Background: Heart failure (HF) is a chronic disease associated with a significant burden to patients, families, and health services. The diagnosis of HF can be easily missed owing to similar symptoms with other conditions especially respiratory diseases.
Methods and results: We conducted a systematic review to determine the rates of HF and cardiomyopathy misdiagnosis and explored the potential causes. The included studies were narratively synthesized. Ten studies were identified including a total of 223,859 patients. There was a lack of definition of HF misdiagnosis in the studies and inconsistent diagnostic criteria were used. The rates of HF misdiagnosis ranged from 16.1% in hospital setting to 68.5% when general practitioner referred patients to specialist setting. The most common cause for misdiagnosis was chronic obstructive pulmonary disease (COPD). One study using a COPD cohort showed that HF was unrecognized in 20.5% of patients and 8.1% had misdiagnosis of HF as COPD. Another study suggests that anemia and chronic kidney disease are associated with an increase in the odds of unrecognized left ventricular systolic dysfunction. Other comorbidities such as obesity, old age, atrial fibrillation, and ischemic heart disease are prevalent in patients with a misdiagnosis of HF.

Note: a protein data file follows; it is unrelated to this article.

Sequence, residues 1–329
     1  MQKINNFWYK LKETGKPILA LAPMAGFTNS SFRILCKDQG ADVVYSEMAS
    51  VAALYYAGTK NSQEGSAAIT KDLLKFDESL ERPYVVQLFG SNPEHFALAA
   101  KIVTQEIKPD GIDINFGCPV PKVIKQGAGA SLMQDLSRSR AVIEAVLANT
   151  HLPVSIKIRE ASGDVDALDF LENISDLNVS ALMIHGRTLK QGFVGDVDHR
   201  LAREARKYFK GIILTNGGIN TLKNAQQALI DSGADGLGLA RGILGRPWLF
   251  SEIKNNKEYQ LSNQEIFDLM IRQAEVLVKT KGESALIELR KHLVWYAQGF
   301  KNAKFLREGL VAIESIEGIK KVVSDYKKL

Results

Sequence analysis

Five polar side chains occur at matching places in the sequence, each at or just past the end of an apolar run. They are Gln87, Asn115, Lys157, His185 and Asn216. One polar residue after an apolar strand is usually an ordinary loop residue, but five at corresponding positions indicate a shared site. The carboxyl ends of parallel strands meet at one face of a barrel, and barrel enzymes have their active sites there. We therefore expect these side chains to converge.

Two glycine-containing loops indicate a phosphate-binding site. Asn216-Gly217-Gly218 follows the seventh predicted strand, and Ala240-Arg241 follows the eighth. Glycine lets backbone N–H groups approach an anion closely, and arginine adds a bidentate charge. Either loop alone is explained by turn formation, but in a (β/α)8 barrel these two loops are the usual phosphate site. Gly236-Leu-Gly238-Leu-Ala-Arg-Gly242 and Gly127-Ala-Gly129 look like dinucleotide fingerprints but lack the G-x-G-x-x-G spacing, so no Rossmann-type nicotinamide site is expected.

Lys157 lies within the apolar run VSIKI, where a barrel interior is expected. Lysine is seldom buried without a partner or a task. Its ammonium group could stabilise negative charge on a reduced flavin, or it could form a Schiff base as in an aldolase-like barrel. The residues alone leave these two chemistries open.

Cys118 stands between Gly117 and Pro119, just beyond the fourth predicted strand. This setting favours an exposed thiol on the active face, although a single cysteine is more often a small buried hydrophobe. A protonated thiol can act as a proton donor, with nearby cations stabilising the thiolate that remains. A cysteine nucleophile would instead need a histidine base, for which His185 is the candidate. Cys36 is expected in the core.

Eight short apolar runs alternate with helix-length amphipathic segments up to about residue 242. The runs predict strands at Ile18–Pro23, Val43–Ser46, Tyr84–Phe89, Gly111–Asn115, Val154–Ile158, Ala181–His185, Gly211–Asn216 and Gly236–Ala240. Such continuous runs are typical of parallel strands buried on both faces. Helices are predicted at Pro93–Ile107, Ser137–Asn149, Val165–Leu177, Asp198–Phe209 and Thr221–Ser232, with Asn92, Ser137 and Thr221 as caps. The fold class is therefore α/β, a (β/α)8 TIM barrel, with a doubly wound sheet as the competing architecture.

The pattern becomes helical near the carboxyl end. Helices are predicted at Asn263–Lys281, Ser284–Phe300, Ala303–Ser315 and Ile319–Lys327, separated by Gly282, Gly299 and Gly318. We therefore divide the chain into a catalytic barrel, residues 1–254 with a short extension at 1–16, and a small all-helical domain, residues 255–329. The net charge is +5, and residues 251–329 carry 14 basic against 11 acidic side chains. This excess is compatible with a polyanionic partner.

Conclusions: The misdiagnosis of HF is an unfortunate part of everyday clinical practice that occurs with a variable rate depending on the population studied. HF is frequently misdiagnosed as COPD. More research is needed to better understand the missed opportunities to correctly diagnose HF so that harm to patients can be avoided and effective treatments can be implemented.
Keywords: Heart failure; diagnosis; misdiagnosis; systematic review.
Copyright © 2021. Published by Elsevier Inc.